A pilot died suddenly during a flight between the Russian cities of Novokuznetsk and St. Petersburg on Sunday, officials told state-run media.
Authorities told RIA Novosti that the unnamed pilot, identified as a flight commander, felt sick during the trip.
The co-pilot of the Ikar Airlines Boeing jet had to make an emergency landing at the airport in Omsk. The commander died before medical attention could be given to the pilot, officials said. Ikar Airlines is also known as Pegas Fly.
“The resuscitation ambulance team arrived at the airport ten minutes before the plane landed. The team stated the death of the pilot before providing medical assistance,” the Ministry of Health of the Omsk Region told RIA and TASS News, according to a translation.
Petrushina Ekaterina, the top assistant to the head of the Eastern Interregional Investigation Department for Transport of the Russian Investigative Committee, told the state-run outlet that the landing in Omsk went smoothly and no one was hurt.
An investigation into the flight commander’s death is underway, Ekaterina said.
Further details about the incident were not provided. The cause of death of the pilot has not been revealed.
The Epoch Times has contacted Pegas Fly for comment.
In late August, the pilot of a Jet2 passenger jet reportedly fainted while en route from England to Turkey before the plane made an emergency landing in Greece.
“Flight LS1239 from Birmingham to Antalya diverted to Thessaloniki Airport as a precautionary measure on Tuesday (August 23) due to one of the pilots feeling unwell. A replacement crew were flown to Thessaloniki so that we could get customers on their way to Antalya that same evening,” a Jet2 spokesperson told media outlets in August.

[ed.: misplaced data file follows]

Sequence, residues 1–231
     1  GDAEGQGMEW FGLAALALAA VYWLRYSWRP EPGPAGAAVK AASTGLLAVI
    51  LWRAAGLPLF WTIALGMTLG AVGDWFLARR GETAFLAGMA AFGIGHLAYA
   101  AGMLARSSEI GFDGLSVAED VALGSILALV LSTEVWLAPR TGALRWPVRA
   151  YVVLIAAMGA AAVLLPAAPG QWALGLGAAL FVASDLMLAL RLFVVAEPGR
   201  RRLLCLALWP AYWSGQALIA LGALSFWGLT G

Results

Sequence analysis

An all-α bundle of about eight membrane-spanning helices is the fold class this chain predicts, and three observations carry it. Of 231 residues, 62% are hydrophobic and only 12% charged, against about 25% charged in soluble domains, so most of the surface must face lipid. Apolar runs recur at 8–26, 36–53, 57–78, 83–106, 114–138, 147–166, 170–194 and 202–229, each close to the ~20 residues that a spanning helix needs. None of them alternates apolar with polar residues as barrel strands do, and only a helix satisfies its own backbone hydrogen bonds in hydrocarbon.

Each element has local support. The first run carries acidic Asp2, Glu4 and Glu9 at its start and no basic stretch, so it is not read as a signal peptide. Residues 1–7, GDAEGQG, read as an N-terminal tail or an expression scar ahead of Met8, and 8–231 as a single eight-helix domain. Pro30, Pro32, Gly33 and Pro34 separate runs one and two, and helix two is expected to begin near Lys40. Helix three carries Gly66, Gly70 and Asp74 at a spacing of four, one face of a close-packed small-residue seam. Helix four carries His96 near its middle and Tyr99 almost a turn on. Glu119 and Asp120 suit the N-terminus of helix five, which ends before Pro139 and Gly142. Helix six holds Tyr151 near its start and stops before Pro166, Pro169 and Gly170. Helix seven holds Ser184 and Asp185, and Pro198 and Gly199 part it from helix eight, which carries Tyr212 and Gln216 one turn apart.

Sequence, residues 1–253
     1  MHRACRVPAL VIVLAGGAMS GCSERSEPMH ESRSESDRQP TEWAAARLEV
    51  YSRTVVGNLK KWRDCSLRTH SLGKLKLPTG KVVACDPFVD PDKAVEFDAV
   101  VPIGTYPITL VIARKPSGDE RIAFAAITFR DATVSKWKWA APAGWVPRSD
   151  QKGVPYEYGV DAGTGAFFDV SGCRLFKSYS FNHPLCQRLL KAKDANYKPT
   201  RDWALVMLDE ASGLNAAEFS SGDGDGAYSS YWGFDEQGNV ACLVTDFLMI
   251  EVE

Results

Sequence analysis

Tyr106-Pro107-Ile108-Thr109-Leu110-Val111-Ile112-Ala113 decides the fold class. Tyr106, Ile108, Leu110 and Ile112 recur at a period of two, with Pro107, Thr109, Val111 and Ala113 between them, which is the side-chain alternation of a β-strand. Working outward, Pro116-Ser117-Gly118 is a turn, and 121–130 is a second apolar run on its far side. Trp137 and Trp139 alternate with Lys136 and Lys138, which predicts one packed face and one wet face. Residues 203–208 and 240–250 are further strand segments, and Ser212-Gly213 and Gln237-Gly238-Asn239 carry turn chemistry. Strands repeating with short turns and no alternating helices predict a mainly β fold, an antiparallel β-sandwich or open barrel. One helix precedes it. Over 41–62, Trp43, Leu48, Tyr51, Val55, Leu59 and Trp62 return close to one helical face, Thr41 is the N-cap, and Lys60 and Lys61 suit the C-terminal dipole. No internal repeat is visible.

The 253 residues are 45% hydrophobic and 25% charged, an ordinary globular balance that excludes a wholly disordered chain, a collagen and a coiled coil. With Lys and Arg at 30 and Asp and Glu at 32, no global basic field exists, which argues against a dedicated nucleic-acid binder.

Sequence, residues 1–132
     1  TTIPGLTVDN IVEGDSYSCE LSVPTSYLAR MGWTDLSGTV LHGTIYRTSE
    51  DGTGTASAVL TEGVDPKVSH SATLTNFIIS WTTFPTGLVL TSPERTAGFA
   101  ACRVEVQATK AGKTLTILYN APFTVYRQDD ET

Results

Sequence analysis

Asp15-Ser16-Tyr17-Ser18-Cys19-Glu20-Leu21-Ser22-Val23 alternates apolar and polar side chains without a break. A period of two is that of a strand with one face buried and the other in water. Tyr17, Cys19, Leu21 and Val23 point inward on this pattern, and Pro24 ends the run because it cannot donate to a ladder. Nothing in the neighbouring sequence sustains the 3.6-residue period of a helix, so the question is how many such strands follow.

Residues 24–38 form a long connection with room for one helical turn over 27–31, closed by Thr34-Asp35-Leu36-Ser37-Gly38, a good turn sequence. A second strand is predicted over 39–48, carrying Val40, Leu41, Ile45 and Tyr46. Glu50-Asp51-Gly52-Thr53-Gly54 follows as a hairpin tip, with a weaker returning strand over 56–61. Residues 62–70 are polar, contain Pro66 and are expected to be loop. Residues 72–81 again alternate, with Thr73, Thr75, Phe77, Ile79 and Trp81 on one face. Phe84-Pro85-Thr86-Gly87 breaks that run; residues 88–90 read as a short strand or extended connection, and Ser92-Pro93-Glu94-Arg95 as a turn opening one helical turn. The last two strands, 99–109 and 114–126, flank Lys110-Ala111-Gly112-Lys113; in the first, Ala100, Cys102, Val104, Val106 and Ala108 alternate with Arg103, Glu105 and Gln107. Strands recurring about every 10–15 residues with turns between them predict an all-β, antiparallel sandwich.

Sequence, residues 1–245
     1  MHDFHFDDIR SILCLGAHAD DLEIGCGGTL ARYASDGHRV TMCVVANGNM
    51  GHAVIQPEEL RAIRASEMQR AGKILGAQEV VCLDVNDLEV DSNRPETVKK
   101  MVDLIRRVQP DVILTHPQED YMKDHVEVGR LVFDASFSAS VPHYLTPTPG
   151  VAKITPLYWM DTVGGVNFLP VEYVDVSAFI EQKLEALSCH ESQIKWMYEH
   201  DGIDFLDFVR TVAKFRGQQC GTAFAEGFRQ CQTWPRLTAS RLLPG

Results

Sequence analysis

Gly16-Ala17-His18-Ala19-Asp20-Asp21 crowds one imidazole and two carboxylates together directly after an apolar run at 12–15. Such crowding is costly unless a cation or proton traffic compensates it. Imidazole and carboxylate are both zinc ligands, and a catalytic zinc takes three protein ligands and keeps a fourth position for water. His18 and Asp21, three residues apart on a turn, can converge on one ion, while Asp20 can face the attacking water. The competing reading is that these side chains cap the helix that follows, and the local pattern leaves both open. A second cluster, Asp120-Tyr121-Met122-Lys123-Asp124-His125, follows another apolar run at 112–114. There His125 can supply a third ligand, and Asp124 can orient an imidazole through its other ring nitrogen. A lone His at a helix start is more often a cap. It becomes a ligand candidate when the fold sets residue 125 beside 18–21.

“We communicated this to our customers as soon as possible, and our teams worked extremely hard to look after everyone. We would like to apologize to anyone affected by this unforeseen delay,” the spokesperson said.
A week before that, two pilots fell asleep during an Ethiopian Airlines flight from Sudan and Ethiopia, officials told SimpleFlying. The pilots have since been suspended, the airline said.
“The concerned crew have been removed from operation pending further investigation. Appropriate corrective action will be taken based on the outcome of the investigation. Safety has always been and will continue to be our first priority,” the company confirmed.
Inside the United States, Allied Pilots Association Communications Chair Dennis Tajer told Fox Business in early August that there have been an increasing number of pilots complaining about fatigue or stress in recent months.
Elaborating, Tajer said that there was a fourfold increase in the number of fatigue calls among American Airlines pilots in June. The increase, he said, was a “warning sign that the system is under unnecessary duress.”
Source: The Epoch Times